REF No. 5623/5624
Pair of Chinese armorial plates with the arms of Birkbeck


Qianlong period circa 1750
English Market
Diameter: 8 1/8 inches (21.6cm)   

Price:   £1,900 for the pair

A pair of octagonal grisaille and gold armorial plates with the arms of Birkbeck impaling Upwood and the motto PATIENTIA VINCIT, the rim finely painted with a border of flowers and insects.     

The arms appear to be of Birkbeck impaling Upwood, though neither family has this unrecorded crest nor this motto.           

The numerous family of Birkbeck are originally from Westmorland, where Thomas Birkbeck was granted these arms in 1515. A branch of the family is recorded in the eighteenth century living in Settle, Yorkshire, as bankers and merchants, William Birkbeck married Sarah Armitstead in 1703 and had at least two sons, John (1722-1761) who married Sarah Wilson, having eight children and William (1705-1772), who married first Sarah Morris in 1730, having a son Morris (1734-1816) and secondly Deborah Wilson (sister of his brother's wife), having  seven sons and a daughter among them, William (1745-1805)) and John (b.1747), the latter marrying Mary Gurney of Norfolk where he settled. William married Sarah Braithwaite (1750-1790) and had a son George Birkbeck who founded the London Mechanics Institute in 1824 which became Birkbeck College.

    The family of Upwood is from Lovells Hall, Terrington St Clements, Norfolk and has a detailed pedigree but there is no record of any marriage between Birkbeck and Upwood. The correct arms for Upwood should have a chevron gules (red or vertical lines in engraved arms) rather than sable black or crosshatched in engraved arms).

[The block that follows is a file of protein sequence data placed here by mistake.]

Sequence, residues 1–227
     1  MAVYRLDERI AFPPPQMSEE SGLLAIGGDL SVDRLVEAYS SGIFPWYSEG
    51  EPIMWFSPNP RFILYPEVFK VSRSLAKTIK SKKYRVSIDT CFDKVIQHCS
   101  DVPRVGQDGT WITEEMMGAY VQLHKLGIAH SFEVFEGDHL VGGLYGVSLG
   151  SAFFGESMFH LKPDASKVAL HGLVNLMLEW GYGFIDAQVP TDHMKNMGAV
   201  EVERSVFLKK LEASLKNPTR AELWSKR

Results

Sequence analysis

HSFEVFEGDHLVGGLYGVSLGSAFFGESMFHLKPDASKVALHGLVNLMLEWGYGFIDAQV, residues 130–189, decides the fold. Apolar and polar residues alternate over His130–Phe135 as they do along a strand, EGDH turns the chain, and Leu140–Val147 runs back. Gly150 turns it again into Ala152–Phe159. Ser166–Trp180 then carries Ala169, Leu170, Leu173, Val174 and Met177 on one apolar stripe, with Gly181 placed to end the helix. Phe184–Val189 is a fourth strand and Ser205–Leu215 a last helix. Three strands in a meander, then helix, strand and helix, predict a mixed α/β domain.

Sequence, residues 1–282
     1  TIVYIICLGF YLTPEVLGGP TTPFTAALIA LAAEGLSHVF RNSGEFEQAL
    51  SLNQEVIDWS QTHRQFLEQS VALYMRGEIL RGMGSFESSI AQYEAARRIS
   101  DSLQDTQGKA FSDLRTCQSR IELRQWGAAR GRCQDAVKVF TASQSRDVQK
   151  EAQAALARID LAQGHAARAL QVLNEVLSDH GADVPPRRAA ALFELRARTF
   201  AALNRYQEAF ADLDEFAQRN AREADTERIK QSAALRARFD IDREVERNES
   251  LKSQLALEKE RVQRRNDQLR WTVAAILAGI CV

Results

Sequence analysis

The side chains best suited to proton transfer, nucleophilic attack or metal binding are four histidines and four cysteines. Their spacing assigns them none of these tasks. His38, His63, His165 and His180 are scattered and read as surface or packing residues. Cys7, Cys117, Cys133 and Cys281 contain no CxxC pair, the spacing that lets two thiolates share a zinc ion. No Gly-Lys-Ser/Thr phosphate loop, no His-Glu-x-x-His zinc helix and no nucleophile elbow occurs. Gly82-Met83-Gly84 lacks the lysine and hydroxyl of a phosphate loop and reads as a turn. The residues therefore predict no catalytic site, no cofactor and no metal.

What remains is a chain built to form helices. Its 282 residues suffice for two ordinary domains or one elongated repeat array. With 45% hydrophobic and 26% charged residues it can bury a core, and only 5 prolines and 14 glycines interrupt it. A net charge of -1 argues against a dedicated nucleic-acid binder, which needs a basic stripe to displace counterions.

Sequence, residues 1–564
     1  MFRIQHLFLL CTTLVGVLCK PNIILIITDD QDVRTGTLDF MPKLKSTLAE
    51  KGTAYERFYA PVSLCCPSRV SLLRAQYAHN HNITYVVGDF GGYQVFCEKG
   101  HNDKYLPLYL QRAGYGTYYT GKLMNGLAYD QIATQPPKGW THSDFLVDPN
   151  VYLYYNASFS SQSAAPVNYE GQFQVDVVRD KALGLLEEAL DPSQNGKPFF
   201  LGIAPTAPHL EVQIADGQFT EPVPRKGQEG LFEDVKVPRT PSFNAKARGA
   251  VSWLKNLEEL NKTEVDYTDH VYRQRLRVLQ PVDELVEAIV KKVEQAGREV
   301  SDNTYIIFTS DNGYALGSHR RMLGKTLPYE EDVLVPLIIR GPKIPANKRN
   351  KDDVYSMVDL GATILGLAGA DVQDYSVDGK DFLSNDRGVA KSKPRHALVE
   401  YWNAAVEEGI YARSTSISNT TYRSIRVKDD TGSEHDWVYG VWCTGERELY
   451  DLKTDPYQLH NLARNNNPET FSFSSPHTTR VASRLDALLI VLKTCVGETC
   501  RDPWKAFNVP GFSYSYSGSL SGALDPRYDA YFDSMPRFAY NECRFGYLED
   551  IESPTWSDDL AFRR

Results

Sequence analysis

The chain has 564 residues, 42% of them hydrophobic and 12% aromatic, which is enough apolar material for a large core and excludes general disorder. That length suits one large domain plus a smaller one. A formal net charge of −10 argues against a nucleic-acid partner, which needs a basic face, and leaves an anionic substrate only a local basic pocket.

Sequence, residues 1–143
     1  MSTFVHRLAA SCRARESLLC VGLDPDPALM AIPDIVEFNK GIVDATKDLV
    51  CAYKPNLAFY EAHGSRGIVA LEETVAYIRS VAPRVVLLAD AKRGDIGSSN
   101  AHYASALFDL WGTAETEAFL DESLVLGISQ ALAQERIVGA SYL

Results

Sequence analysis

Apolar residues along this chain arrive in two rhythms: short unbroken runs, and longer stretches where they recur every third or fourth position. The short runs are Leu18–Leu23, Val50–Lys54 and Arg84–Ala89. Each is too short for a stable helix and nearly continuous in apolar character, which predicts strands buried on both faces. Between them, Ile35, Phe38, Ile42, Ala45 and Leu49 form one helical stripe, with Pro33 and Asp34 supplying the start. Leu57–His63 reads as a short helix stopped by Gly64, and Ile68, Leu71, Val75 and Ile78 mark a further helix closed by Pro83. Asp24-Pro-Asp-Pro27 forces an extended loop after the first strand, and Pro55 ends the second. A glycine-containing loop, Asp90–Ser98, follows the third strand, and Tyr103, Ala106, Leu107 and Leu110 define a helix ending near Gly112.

One possibility is that the second coat is erroneously portrayed. Many of these armorials on porcelain were copied from book plates and this example is obviously so; among the rising merchant classes of the eighteenth century many of the strict rules of heraldry were only loosely regarded. A marriage is recorded in St George's Mayfair, London, 11 May 1753 between John Birkbeck and Mary Thornton, of a Hull banking family related to William Wilberforce. The arms of Thornton are Argent a chevron sable between three hawthorn trees proper, which is very similar to the sinister coat here (Argent a chevron between three horses head erased sable). This John Birkbeck seems to be the son of John Birkbeck and Hannah Garth who married in Grinton, Yorkshire, in 1723, though their son was christened in St Dunstan In The East, London, 1728. It is possible that someone confused the thorn bushes with the horses' heads - though Howard discounts this as the overall design is clearly taken from a book plate and it is unlikely that an erroneous bookplate would have been used for such an expensive order.     

The exact source of this service remains a mystery but it is just possible that a book plate and this service were all arranged and ordered for a forthcoming marriage between a Birkbeck and an Upwood that did not then take place.

REFERENCES:
HOWARD, D (2003) Chinese Armorial Porcelain, Volume II, p233 for this service. HOWARD, D (1974) Chinese Armorial Porcelain, Volume I, p303 for a service with the arms of Thornton impaling Conyers, circa 1733.



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Pair of Chinese armorial plates with the arms of Birkbeck